Trails On Trial

some local rail trails may be at risk after a recent U.S. Supreme Court ruling

Jeremy Gragert, photos by Andrea Paulseth

Chippewa River State Trail
Chippewa River State Trail

Wisconsin pioneered the concept of turning an abandoned railroad line into a bicycle trail with the Elroy-Sparta Trail in 1965, and since then the Rails to Trails movement has spread across the nation to benefit millions of Americans every day. Abandoned railroad lines that were built and busy during the Chippewa Valley’s lumber boom have been converted into bicycle trails over the past 40 years, and in earnest once the federal government passed the National Trails System Improvement Act in 1988.

Could this case be setting precedent for the future of Rails to Trails, or even jeopardize our own existing trails that meet certain criteria?

But the concept of what is considered “abandoned” is being called into question after an unexpected U.S. Supreme Court ruling last month said that government easements used for rail beds expired when the railroads went out of business. The case, Marvin Brandt Revocable Trust et al. v. United States, went to court when private landowners in Wyoming resisted the conversion of a railway corridor on their property into a section of the Medicine Row Trail, “asserting that the right of way was a mere easement that was extinguished when the railroad abandoned it, so that Brandt now enjoys full title to his land without the burden of the easement.”

Brandt won the case despite losing in two lower courts. Railroads reached Wyoming in the first place due to a long history of the federal government using railroads to fuel westward expansion of the United States, most notably (but not limited to) the 1875 Railroad Right of Way Act. The majority opinion of the court – which by the way was a striking 8-1 – said that the government no longer had a right of way because the 1875 Act only afforded the rail line a temporary easement across the land.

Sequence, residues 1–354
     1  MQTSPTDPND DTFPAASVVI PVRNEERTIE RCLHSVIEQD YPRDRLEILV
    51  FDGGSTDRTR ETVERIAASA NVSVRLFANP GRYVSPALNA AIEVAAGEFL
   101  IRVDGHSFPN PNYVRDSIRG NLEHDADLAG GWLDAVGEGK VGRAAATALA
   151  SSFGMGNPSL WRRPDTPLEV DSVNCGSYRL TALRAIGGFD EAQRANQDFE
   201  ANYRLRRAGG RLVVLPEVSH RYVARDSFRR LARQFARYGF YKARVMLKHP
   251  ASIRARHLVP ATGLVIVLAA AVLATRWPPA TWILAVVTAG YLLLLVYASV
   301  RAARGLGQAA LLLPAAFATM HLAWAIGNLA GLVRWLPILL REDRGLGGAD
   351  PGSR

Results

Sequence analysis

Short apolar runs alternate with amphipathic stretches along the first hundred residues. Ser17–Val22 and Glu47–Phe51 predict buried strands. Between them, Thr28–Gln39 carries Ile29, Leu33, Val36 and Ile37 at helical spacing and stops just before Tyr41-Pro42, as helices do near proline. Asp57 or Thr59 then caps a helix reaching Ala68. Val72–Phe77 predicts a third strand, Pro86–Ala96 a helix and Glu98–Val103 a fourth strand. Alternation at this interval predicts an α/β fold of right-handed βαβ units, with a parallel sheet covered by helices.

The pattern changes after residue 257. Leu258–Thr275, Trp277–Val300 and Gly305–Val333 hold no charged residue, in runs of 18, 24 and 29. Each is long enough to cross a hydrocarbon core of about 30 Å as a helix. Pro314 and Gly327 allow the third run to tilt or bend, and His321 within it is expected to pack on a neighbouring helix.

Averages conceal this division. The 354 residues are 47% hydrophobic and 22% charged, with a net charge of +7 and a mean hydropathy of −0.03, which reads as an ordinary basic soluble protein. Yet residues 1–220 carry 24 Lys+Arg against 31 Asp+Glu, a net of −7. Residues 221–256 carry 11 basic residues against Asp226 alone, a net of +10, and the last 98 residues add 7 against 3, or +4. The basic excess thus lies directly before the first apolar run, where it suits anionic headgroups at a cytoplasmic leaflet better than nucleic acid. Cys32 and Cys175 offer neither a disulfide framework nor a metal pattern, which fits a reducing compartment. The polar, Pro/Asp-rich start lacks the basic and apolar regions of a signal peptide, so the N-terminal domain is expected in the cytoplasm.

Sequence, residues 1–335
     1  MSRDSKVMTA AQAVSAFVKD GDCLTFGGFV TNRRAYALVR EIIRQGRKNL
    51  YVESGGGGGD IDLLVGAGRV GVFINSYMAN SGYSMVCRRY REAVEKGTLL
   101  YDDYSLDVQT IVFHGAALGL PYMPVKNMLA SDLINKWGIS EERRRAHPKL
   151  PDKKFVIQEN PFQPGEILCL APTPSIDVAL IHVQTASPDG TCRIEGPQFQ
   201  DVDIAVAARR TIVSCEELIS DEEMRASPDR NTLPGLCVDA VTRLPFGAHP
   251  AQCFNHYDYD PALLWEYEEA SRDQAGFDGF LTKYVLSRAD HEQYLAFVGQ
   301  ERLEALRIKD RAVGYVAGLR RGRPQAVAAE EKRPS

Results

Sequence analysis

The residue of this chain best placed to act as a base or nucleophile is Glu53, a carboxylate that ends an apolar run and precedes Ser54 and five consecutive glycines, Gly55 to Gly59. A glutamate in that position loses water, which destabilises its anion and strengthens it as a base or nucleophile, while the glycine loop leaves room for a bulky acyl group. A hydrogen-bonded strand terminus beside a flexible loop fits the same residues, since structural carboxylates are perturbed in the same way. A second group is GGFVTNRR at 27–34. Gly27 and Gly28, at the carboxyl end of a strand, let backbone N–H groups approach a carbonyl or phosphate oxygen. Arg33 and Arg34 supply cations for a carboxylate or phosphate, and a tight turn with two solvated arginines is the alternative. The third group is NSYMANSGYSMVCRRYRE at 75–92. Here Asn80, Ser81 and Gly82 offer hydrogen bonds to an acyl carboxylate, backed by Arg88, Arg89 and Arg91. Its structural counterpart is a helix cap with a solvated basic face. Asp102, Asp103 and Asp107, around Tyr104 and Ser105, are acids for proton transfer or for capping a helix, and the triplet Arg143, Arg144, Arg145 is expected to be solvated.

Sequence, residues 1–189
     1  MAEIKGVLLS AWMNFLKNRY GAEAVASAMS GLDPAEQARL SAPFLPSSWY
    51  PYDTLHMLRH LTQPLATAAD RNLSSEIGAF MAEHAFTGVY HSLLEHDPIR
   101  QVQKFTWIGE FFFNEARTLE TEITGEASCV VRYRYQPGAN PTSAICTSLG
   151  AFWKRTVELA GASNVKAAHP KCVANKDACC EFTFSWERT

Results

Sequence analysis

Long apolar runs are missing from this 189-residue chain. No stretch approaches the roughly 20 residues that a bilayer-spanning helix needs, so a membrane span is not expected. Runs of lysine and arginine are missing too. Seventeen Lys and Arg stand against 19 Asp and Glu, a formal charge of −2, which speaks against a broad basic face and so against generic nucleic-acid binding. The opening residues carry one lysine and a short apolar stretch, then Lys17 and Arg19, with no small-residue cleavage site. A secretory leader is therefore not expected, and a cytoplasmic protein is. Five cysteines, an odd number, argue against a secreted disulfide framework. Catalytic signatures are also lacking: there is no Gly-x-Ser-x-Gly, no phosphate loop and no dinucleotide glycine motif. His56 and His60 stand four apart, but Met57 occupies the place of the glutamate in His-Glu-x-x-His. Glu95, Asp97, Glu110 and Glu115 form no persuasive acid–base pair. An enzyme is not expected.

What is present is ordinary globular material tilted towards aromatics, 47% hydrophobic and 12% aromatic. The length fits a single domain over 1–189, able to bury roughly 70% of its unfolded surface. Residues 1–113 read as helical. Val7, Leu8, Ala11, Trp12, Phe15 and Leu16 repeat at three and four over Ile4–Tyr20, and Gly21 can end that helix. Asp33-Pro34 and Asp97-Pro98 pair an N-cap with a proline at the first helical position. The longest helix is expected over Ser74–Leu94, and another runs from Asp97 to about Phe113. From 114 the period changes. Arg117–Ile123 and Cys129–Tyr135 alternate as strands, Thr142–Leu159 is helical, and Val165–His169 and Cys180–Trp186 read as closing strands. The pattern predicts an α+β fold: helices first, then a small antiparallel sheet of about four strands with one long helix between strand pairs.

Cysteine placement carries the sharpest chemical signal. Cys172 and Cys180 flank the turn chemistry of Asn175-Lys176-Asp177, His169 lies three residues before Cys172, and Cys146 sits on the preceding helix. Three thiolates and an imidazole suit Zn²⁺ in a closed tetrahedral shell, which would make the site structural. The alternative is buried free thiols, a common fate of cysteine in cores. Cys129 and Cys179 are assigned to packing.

Could this case be setting precedent for the future of Rails to Trails, or even jeopardize our own existing trails that meet certain criteria? Should we be assembling an elite team of railroad history buffs, lawyers, and trail lovers to research the impact of this ruling on our potentially embattled Chippewa River State Trail, the Red Cedar State Trail, and the Old Abe State Trail? (Where is Frank Smoot when you need him?)

Wisconsin Department of Natural Resources state trails coordinator Brigit Brown has already begun working with partners from across the state to begin to address the uncertainty, but it will take some time. “Due to the complicated nature of railroad law and circumstances surrounding each individual rail line, we do not anticipate reaching any concrete conclusions with this preliminary research,” Brown wrote in an email on April 8. She did acknowledge that the state does have some rail corridors that resulted from the 1875 Act at issue in the case.

In a March 13 post on the Bicycle Blog of Wisconsin (wisconsinbikefed.org/blog), Wisconsin Bike Fed deputy director Dave Schlabowske wrote that he learned the following after a bit of research on the State of Wisconsin Office of Commissioner of Railroads website: “Wisconsin has 970 total miles of land-grant railroad lines, of which somewhere around 660 miles are in service with perhaps 220 miles out of service and potentially subject to abandonment. But there are also miles of right-of-way … granted by the U.S. to 13 Wisconsin railroads under the 1875 Railroad Right of Way Act. At the end of 1875, there were 2,566 miles of track in Wisconsin and almost 4,000 miles of track were constructed in Wisconsin after 1875.”

Anyone interested in taking on this history project to research the impact on our local trails could start by using the Rails-to-Trails Conservancy’s list of conditions. If an existing trail meets any one of these conditions, that trail would not be affected: 1) The rail corridor is “railbanked.” 2) The rail corridor was originally acquired by the railroad by a federally granted right-of-way (FGROW) through federal lands before 1875. 3) The railroad originally acquired the corridor from a private landowner. 4) The trail manager owns the land adjacent to the rail corridor. 5) The trail manager owns full title (fee simple) to the corridor. 6) The railroad corridor falls within the original 13 colonies.

Rails-to-Trails Conservancy believes that the vast majority of rail-trails and potential rail-trail projects will not be directly affected by the ruling, and most of those that will be affected are located west of the Mississippi River. Living in the Midwest often puts us in an interesting crossroads of American law, politics, and history. Stay tuned as more research is done about the impact of this ruling on our local trails, or let us know if you do your own.

Jeremy Gragert of the Chippewa Valley Transit Alliance can be reached at jgragert@gmail.com.